Chris B. Young’s Contact Woes

To be honest, I had figured that Diamondbacks centerfielder Chris B. Young would be entrenched as a star-caliber player by this point in his career. A 6-2, 200 pounder with a unique blend of patience, power and athleticism, Young was originally a 16th round steal by the Chicago White Sox in the 2001 amateur entry draft. On the heels of a gargantuan season for AA Birmingham in 2005 (.277/.377/.545, 26 HR in 554 PA), Young was shipped to the D-Backs in a deal that netted Chicago the equally enigmatic Javier Vazquez. The one question that pundits had about Young was his lofty strikeout totals, but he appeared to be making some gains on that front as he climbed the minor league ladder:

2005 (AA): 12.7 BB%, 23.3 K%
2006 (AAA): 11.5 BB%, 17.7 K%

Following a .276/.359/.532 campaign at AAA Tucson that included the reduction in his whiffs, Young made a brief cameo with Arizona and looked poised to post some outstanding numbers as an everyday player in 2007.

However, Young’s transition to the majors did not go as smoothly as expected. His solid plate discipline eroded, as he managed just a 7% walk rate to go along with a lofty 24.8 K%. While he displayed a good deal of pop (.230 ISO), Young’s .237/.295/.467 showing earned him a -0.05 WPA/LI.

2008 brought him some gains in the patience department, as he upped his walk rate to 9%. However, that sinister K rate rose to 26.4% and he posted a .248/.315/.443 line, with a slightly better WPA/LI of 0.24. Young’s 77.47% contact rate placed him in the lower third tier among qualified batters, though it was actually an improvement over his 76.66% rate in 2007. Young also got jammed with alarming frequency, as his 16.8 IF/FB% was the fifth-highest mark among qualified batters. So, what gives?

If a player possesses good secondary skills (walks and power), strikeouts do not preclude success. However, a K rate in the vicinity of Young’s does put a significant cap on his batting average, putting more stress on his ability to draw free passes and pop extra base hits; if you’re only going to manage a .230 average, you better be able to draw walks by the bushel to compensate (lest you post execrable OBP’s like Young has to this point). It does appear that Young made some gains in this department, as he lowered his Outside Swing Percentage (O-Swing%) from 22.87 in 2007 to 20.43% in 2008.

The question regarding Young at this point is, will he draw enough free passes to offset the handicap of a .230-ish batting average? Given his track record, it seems reasonable that Young will draw a few more walks as he matures, but the high K rate is here to stay given his contact rate and his issues with breaking balls. Still, he has the secondary skills and speed (27 SB in ’07, 14 in ’08) to be a fantasy asset. Only 25 heading into next season, Young still possesses the skills to guide him down a Mike Cameron-type career path if he can be a little more selective at the plate.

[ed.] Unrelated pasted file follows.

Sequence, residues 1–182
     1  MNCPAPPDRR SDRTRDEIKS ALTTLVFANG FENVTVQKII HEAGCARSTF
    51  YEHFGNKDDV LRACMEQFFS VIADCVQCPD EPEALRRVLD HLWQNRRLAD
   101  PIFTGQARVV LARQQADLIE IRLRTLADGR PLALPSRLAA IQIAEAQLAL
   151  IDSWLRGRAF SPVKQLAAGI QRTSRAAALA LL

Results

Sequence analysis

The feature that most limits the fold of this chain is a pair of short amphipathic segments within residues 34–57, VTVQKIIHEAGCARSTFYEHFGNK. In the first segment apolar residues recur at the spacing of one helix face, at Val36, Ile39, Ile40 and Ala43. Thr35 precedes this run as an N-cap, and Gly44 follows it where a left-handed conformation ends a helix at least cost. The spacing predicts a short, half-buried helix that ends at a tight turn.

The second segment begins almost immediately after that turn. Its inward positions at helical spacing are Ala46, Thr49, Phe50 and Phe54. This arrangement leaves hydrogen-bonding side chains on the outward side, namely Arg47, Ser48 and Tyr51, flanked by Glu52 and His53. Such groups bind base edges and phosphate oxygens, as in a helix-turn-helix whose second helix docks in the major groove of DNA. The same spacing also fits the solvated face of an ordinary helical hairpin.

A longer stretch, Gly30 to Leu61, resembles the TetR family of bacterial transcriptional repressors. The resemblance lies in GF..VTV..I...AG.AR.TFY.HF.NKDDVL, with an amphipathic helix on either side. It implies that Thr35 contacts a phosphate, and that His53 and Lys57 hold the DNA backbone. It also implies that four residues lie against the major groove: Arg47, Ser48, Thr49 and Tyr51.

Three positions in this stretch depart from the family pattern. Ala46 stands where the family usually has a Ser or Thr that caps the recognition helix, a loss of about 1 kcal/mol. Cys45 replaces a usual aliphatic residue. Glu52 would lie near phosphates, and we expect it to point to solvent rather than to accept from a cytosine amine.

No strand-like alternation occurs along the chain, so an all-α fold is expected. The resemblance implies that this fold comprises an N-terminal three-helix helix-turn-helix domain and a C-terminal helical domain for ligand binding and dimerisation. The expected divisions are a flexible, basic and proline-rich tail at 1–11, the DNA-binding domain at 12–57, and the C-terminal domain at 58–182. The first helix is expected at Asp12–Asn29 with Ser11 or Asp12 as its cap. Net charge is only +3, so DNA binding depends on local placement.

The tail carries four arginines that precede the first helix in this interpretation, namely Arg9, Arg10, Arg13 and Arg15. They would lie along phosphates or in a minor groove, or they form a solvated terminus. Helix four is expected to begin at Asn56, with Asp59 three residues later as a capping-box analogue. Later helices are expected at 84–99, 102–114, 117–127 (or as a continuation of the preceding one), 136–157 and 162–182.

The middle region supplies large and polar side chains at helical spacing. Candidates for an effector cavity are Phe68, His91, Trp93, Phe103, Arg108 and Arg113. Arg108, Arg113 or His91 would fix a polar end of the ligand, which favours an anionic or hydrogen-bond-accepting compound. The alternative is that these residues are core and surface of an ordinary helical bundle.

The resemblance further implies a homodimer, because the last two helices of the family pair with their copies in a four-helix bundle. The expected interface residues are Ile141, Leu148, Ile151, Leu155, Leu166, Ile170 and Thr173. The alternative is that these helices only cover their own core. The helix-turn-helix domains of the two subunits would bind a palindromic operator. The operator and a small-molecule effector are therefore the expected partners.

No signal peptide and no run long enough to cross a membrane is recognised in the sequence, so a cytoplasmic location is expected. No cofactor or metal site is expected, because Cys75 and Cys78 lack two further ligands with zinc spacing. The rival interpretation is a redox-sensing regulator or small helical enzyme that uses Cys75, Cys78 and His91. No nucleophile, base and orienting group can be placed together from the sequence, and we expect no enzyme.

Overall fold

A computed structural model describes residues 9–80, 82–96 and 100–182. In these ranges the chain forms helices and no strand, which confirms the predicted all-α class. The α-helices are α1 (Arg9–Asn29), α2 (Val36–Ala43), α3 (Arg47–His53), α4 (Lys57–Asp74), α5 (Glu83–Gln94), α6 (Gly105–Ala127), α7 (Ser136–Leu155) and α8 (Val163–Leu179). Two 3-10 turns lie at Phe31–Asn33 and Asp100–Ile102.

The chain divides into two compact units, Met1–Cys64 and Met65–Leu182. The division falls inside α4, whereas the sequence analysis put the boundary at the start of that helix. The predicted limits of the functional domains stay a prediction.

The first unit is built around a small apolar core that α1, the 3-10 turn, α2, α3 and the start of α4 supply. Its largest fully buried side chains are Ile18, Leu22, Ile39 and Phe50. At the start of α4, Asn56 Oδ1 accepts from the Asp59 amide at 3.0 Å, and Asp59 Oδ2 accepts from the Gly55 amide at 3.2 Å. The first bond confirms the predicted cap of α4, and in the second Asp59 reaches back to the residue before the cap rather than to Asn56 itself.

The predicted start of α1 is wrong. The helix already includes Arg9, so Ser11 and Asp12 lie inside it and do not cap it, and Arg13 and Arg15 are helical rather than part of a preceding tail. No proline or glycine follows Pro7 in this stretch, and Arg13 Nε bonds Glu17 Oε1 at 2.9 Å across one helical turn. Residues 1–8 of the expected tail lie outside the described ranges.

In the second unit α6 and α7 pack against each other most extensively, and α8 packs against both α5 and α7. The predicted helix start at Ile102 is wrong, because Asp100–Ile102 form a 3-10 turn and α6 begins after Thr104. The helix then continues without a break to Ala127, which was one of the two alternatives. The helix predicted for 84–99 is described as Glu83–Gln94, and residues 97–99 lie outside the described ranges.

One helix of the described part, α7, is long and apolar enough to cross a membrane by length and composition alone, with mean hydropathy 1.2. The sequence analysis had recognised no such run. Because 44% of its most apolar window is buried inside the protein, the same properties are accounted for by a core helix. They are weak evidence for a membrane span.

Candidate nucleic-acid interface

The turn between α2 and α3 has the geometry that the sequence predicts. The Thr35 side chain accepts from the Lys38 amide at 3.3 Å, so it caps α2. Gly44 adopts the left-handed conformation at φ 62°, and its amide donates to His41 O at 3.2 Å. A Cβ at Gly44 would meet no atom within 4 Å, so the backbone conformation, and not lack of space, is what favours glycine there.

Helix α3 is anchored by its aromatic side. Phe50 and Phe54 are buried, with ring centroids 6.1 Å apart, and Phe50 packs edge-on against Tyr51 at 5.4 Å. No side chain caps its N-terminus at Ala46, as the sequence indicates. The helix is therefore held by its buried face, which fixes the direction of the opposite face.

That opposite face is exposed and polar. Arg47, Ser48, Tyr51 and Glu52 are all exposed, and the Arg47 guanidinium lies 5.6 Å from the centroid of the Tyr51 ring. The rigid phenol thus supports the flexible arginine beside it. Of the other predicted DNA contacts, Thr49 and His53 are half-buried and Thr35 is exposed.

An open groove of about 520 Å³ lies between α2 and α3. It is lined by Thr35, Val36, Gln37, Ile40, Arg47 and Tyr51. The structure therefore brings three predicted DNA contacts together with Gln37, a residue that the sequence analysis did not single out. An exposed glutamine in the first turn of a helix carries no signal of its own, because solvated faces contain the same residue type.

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A recent graduate of Duquesne University, David Golebiewski is a contributing writer for Fangraphs, The Pittsburgh Sports Report and Baseball Analytics. His work for Inside Edge Scouting Services has appeared on and, and he was a fantasy baseball columnist for Rotoworld from 2009-2010. He recently contributed an article on Mike Stanton's slugging to The Hardball Times Annual 2012. Contact David at and check out his work at Journalist For Hire.

5 Responses to “Chris B. Young’s Contact Woes”

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  1. Jim says:

    How many bases do you think Chris Young will steal? Is it closer to the 07 number or the 08 number?

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  2. David Golebiewski says:


    Given Young’s minor league track record and his PECOTA forecast prior to 2008, I would tend to think that his SB total would split the difference between ’07 and ’08. I think 20 SB is a decent (if unscientific) estimate Of course, he’s got to figure out a way to reach base first. If that walk rate trends up, so will his SB opportunities.

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  3. Fresh Hops says:

    I don’t think contact is the issue with Young. There are many guys that have similar contact rates that do a much better job of getting on board. A-Rod has a lower contact rate than Young.

    In 2008, the best comparables with Young as far as discipline stats were Rickie Weeks, Jason Giambi and Nick Swisher. (I’m talking about guys who were like Young specifically in 2008, not in their careers.) None of those guys struggles to walk like Young. It’s hard to say without further scrutiny, but, since that’s actually pretty good company to be in as far as plate discipline, it suggests that those three do something differently than Young. My guess is that Young doesn’t work the count well.

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  4. R M says:

    Young is only 25, doesn’t it seem like he could still work on hitting breaking balls and bring down the K rates a bit?

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  5. Ezra says:

    I’m about to release him in my league, enough is enough. A Mike Cameron type is not going to help me win this year.

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